Taxpayers are funding $1.1 billion for CBC local news and unfairly competing with local newspapers.
By Stephen Pate – Bob Cox the publisher of the Winnipeg Free Press says the CBC makes it difficult for local newspapers when CBC gives away the news free.
“I can get all this stuff for free from other sites,” say reader to newspapers who charge subscriptions or per story fees.
How can newspapers survive with “the large presence of the CBC, which is increasingly seeing its future in the provision of digital news in local markets?” asks Cox.
CBC’s loss of Hockey Night in Canada and other revenues has turned the government sponsored giant into a direct competitor of local newspapers. While local news gives the CBC no income it is vital to shore up its political support for more subsidies.
“The presence of a large, taxpayer-subsidized player in digital news and information has an impact on what else develops in that environment.”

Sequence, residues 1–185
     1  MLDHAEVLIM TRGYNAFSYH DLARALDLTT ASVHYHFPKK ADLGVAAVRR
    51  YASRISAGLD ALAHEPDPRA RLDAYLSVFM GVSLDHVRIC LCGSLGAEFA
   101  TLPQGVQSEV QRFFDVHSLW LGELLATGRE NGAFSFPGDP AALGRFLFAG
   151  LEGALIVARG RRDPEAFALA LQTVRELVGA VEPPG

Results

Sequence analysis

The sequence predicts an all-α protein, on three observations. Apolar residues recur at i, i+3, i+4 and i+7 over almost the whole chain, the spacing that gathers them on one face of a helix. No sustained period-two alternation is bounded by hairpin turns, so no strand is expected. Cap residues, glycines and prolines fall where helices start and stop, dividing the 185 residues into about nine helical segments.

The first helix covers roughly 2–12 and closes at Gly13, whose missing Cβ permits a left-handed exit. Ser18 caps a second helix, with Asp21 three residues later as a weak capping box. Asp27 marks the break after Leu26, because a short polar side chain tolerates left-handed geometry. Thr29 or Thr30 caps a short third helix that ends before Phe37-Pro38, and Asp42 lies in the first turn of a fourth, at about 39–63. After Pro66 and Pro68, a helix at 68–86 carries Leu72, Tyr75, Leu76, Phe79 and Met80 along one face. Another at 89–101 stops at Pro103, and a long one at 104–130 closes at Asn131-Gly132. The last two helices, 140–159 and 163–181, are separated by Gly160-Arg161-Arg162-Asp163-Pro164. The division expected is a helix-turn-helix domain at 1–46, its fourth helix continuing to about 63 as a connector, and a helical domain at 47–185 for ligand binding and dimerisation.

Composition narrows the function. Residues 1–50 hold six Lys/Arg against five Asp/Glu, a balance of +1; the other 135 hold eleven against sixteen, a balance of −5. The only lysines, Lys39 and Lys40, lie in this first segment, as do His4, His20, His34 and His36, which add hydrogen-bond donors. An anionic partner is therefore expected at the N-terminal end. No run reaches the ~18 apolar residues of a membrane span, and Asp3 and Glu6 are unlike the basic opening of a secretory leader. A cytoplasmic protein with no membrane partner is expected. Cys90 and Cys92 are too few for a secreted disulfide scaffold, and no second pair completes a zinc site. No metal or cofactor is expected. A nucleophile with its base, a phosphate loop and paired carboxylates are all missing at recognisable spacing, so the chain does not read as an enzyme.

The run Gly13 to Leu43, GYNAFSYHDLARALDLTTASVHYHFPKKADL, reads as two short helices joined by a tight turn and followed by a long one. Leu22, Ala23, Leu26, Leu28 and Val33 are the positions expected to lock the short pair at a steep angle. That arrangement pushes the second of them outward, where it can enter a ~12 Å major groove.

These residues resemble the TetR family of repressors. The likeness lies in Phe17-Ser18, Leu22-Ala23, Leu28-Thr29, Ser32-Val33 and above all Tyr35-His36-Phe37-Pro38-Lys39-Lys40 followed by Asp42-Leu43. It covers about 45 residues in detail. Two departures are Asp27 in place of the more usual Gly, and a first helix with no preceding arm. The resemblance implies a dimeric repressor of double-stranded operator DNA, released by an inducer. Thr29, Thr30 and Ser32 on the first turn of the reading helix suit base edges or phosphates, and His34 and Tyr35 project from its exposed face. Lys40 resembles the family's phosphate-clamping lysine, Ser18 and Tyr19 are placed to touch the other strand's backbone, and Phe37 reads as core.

Winnipeg Press readers don’t like paying for the news.
“Every day I receive criticism of the fact that the Winnipeg Free Press website is now closed down to casual readers. Subscribers get full access, and you can buy single articles for 27 cents each. But you cannot use the site regularly unless you are registered, logged in and paying.”
“However, it is hard even for me, the publisher of a large Canadian newspaper, to make this argument against what the CBC produces and posts without charge. The CBC is not free, of course, but it is a cost hidden in our taxes so most people are unaware of what they are paying.”
“Think about how hard it would be for a digital startup to start a subscription service in the face of what the CBC does.”
“Of course, you could ask: “Why does it matter if the CBC does the job and provides local coverage?”
“The answer is that local journalism cannot survive and thrive with only a single provider. Multiple, healthy outlets are needed to provide a variety of versions of events, views and even alternate methods of coverage.”
Local and national newspapers are under more threats than the CBC. They are trying to maintain a century old model of advertising paying for printed papers. The internet has created a new source for news and advertising that is seriously impacting newspapers. No longer a profitable enterprise, newspapers are losing money and failing with regularity.
Newspapers have failed to adapt to new disruptive technologies much the same as the music industry has tried to shore up CD sales and fight online streaming of music.
By Stephen Pate, NJN Network